The Parent Geeks found the game to be entertaining with their kids, but not a game they enjoyed much with a peer. According to one Parent Geek, “The game is well designed and I understand how to play it, but it just wasn’t that interesting when I played it with a friend. It feels like a one-and-done kind of game.” With their kids, however, the Parent Geeks couldn’t say enough good things. According to one Parent Geek, “A nice game to play with the kids that gives you a chance to talk about history and strategy at the same time.” When the games were over, the Parent Geeks gave The Civil War Experience a mixed endorsement.
The Gamer Geeks found The Civil War Experience to be of less interest. According to one Gamer Geek, “Too little in this game to get excited about. Cards drive actions, but you as a player get to have some say on how the cards operate. Not a lot, but enough to make card plays slightly less boring.” Another Gamer Geek said, “I didn’t experience anything in this game about the time period it is based on of, nor did I experience what I would call challenging fun. Not a game for me.” The Gamer Geeks didn’t find anything particularly wrong or upsetting with the rules of the game, commenting (weakly) that the game itself wasn’t a bad one. Rather, it just wasn’t a game that held any interest. This resulted in the game being rejected by the Gamer Geeks.
Fun story about this game. It was given to another group to play during the review. Consequently, the game left the United States, went over seas, was lost, found, lost again, and then eventually returned. It has traveled more than I have and that is somewhat depressing. Luckily, the game returned in one piece and had the fun opportunity to be played in another country. War, it seems (and rightly so) is universally understood to be bloody and wasteful. Necessary at times, but history tends to prove that the cost of human life is a heavy price to pay. This game sparked some interesting conversations with players in the United States, France, England, and Spain. All agreed that war is horrible.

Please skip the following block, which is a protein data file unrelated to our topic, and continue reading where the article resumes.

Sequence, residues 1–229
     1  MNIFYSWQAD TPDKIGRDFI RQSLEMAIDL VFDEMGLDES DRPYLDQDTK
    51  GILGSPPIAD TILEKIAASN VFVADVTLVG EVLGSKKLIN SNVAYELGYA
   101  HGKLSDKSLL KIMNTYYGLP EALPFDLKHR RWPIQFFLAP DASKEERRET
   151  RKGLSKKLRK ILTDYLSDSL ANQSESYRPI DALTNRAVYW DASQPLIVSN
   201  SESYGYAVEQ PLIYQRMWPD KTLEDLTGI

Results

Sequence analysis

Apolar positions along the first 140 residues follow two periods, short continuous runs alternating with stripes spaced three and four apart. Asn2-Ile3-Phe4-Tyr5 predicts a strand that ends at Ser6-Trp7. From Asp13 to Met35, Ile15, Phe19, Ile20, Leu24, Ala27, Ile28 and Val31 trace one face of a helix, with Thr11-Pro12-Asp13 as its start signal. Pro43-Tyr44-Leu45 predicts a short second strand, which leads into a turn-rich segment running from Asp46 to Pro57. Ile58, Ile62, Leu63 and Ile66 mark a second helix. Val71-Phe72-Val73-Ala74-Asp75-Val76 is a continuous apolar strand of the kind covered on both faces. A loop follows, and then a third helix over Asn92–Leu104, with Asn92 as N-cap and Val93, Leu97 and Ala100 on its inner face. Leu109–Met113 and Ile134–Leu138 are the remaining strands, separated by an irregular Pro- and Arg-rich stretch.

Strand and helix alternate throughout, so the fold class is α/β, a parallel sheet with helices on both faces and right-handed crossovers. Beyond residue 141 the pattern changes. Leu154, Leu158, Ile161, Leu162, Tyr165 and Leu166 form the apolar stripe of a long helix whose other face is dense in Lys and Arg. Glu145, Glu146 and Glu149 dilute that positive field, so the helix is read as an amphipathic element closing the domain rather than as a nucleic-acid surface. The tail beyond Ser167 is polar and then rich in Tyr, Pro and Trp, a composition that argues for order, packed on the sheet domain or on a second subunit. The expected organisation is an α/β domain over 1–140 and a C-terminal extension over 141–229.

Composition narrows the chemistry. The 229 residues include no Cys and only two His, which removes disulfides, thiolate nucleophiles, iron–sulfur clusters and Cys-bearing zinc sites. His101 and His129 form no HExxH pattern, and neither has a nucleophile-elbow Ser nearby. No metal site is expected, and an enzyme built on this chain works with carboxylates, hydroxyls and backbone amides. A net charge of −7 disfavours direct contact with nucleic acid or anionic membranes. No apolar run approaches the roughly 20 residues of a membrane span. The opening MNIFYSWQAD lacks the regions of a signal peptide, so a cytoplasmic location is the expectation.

This game plays well with the casual crowd. It provides light tactical and strategic game play that feels a bit on a track at times, but does allow the player enough wiggle room to adjust their course. Just not a lot and this was clearly understood and not appreciated at all by the gaming elitists. When they play a game that deal with combat, they want to feel they are involved in the combat decisions. Decisions are made by the players, have no doubt there. Those decisions, however, are few and far between when it comes to variety of choices. This was most likely done on purpose to keep the game accessible to as many players as possible and rightly so. The game was loved by the Child Geeks and the casual gamers.
As for me, I found the game entertaining with my children but it felt too long. The listed game variant is meant to make the game speed up, but by doing so, you remove a lot of the game’s tension and surprises. This hurts the game, reducing game play length but at the cost of reducing the fun value. Due to the game’s length, it starts to feel repetitive. There are not enough cards in the game with significant differences to make it feel like each round is an opportunity for unique game play. Instead, players are given an opportunity to continually fine tune a well understood landscape. The pro of such a direction is that a player has a chance to learn at a steady rate. The con is that if you don’t like the landscape, you are stuck with it.
Do give The Civil War Experience a try when time allows. It serves as a good introduction to historical war games. It’s well designed and plays well. You won’t find epic battles here, but you will find fun game playing memories and interesting decisions.
This game was given to Father Geek as a review copy. Father Geek was not paid, bribed, wined, dined, or threatened in vain hopes of influencing this review. Such is the statuesque and legendary integrity of Father Geek.